I was running a course on empathy skills a few years back with a group of young doctors, when we were asked to vacate our room. So it was a cause for relief, and some celebration, when I managed to negotiate a larger room for us - including biscuits. And when it emerged later over coffee (and biscuits) that I was on the brink of leasing a gorgeous new car, something really caught the doctors' curiosity. Could there be a link between empathy and negotiation? Did my skills operate beyond biscuits - and if so, how far?
So when - by luck or judgement - I landed a rather splendid offer on the car deal, they naturally wanted to know more.
Last month, I found myself trading in that very car, and once again, I needed to stand my ground over money. This was hot on the heels of a different negotiation, this time with my bank, who had promised me an offer and then withdrawn it. Both were potentially awkward situations in which I might have been indignant, even outraged. Yet both interactions went smoothly; and I was left thinking of the young doctors and the empathy skills I had taught them.
It's a curious thing, even counter-intuitive, that empathy helps when we're 'standing up for our rights'. Even in the hard world of business and finance, when we have a clear sense of our own needs, it's empathy which really determines the direction the conversation takes. This forms the basis for a process I refer to in my courses as natural negotiation (Learn Negotiation).
The Human Factor
In the case of the car sales rep, he'd given me a price to conclude the lease agreement, but now his manager was adamant the sum was too low. I'd need to pay more, and that was that. But I believe in negotiation, so I phoned my original sales rep back. Naturally, he guessed there was trouble. Beneath his professionally friendly phone manner, he knew I wouldn't like what he had to tell me. It's hard for anyone to enjoy communication in those circumstances. Like most human beings, he felt bad saying 'no'.
Time with the other Person
So instead of arguing my case, I moved onto his ground.
'You're in a difficult position!' I offered, 'I don't envy you.'
'Too right!' he burst out, surprised perhaps that I wasn't yelling. And he went on to explain his first over-optimistic estimate and his manager's later revision.
Listening calmly, I could see the strength of his business argument (I really was getting a good deal at the lower price); and I could empathise with his professional position (silently, I wondered about his next performance review). Above all, he told me anxiously, he wanted his customers to be happy. That washis job satisfaction. I believed him, too. He was between a rock and a hard place. As I offered my simple empathic guesses, his relief was tangible.
The Jury is Out
I could empathise with him easily at that moment because I was confident of one important thing: I had not let go of my own needs. I had simply tucked them under my wing, out of sight, and given full reign to his. At this stage of the conversation, the jury was out. I truly didn't know if I would achieve the outcome I wanted, even though it was a significant one for me financially. Instead, my focus was on the friendly interaction that was emerging naturally as one person tried to understand another. No tricks, no games. Just understanding. And as I engaged in this way with the car salesman, another of my own key needs ignited, and slipped into gear: my wish for him to be okay too.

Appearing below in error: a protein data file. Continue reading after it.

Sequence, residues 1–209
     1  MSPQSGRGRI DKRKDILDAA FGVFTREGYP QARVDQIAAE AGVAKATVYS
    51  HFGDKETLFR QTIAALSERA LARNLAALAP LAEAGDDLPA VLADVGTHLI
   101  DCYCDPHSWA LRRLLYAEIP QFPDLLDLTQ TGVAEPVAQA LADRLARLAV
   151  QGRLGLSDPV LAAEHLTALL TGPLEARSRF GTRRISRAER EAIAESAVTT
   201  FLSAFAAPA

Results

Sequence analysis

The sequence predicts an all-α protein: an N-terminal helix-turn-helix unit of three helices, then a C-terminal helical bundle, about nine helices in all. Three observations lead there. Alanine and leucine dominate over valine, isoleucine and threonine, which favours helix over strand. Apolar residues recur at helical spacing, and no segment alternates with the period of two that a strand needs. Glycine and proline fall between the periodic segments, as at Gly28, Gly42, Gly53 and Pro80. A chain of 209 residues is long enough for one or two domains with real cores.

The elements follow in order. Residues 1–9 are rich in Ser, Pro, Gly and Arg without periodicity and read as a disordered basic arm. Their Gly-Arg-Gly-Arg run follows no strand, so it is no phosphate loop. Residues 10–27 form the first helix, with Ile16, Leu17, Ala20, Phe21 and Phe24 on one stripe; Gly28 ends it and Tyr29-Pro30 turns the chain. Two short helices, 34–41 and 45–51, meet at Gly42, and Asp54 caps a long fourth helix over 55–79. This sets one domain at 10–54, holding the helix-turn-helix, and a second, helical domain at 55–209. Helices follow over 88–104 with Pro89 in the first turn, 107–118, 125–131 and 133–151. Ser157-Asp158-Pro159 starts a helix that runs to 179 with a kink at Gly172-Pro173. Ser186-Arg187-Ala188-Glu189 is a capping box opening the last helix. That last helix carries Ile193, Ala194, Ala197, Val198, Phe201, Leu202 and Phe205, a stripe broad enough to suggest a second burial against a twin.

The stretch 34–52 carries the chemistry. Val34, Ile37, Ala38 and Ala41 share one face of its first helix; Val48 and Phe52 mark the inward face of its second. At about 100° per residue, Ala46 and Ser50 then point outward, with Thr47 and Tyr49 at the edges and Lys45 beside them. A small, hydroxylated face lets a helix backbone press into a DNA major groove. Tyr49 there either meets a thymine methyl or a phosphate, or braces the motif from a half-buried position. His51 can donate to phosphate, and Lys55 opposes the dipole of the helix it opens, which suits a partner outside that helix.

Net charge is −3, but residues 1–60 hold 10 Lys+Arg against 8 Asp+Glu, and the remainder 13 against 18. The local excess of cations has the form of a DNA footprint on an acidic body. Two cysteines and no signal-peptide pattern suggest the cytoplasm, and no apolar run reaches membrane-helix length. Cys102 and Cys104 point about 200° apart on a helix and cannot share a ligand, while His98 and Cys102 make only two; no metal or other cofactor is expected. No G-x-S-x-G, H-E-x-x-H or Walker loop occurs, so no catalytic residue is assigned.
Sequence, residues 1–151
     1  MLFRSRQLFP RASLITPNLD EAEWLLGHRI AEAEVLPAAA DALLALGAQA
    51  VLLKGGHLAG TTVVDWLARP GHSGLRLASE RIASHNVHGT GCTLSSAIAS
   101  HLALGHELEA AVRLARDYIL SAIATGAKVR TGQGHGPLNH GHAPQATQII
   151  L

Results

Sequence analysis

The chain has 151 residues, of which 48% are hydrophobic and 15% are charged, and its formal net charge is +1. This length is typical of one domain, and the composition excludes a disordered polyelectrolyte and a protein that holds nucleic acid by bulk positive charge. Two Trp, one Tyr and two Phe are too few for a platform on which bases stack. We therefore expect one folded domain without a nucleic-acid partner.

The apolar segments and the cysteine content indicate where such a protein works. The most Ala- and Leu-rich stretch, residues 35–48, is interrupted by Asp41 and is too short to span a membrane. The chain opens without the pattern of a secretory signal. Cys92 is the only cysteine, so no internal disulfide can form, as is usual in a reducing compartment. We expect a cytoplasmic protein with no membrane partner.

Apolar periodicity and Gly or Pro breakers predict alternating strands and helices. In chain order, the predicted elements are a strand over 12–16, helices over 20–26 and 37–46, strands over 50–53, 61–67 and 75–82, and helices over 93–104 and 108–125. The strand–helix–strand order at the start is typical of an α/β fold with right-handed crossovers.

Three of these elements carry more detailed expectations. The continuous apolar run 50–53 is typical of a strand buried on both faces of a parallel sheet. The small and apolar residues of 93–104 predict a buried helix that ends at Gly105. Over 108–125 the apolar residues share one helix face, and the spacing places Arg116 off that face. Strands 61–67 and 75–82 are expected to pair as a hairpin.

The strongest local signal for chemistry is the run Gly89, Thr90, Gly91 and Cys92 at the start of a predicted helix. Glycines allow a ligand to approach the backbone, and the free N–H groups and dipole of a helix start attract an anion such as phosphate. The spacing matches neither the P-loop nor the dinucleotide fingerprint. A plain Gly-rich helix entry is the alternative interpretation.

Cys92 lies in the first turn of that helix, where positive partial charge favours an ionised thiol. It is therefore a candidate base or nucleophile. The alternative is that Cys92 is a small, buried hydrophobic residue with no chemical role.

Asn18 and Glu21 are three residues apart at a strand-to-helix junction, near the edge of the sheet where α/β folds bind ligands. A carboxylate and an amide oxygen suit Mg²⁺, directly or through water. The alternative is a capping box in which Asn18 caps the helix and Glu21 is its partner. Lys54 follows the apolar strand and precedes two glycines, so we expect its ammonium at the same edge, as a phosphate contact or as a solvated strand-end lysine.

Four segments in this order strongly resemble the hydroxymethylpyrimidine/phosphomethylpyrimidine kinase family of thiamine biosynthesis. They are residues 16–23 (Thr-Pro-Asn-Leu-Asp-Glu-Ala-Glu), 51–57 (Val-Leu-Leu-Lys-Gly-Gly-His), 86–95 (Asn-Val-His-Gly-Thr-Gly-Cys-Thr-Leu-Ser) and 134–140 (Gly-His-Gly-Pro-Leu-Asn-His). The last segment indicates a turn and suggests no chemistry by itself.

My 'Need for You'
When we are in good connection with folk around, we have a root human need to know that they are okay. So even if a conversation clashes with what we want for ourselves, a warm connection causes a shift in our intentions and motivations. We naturally begin to take in other people's needs and perspectives. In my case, I found myself sympathising with my car rep - the very guy who was trying to charge me more!
Stating My Agenda
Now it was easy to tell him my side. In this friendly atmosphere, he was happy to listen. I explained that I run my own business, and that I place a high value on keeping the agreements I make with my clients, even if that involves a mistake or a loss on my side. None of this was said to persuade. I was simply sharing my truth, my perspective.
So I was genuinely touched when he took up my cause, and went off to consult with his manager. As I was giving up my car completely, he had no motivation to retain me as a customer. It was sheer good will that was driving the negotiation. He came back enlivened and cheerful. His manager had agreed to the lower offer.
There's a paradox at the heart of communication. I have conversations which save me money, or bring me practical benefit. Yet (and here's the contradiction) the most satisfying feature is the interaction itself. That friendly connection with the car salesman; in the case of my bank (tiny individual takes on giant corporation!), the positive pride I felt as the bank manager really understood my values, and acted on them.
While our urban myths might propagate Mr Nasty as the best money-winner, I disagree. It isn't self-centred hard-headedness which really wins in negotiation. When empathy is present, negotiation happens naturally. That's another attitude altogether.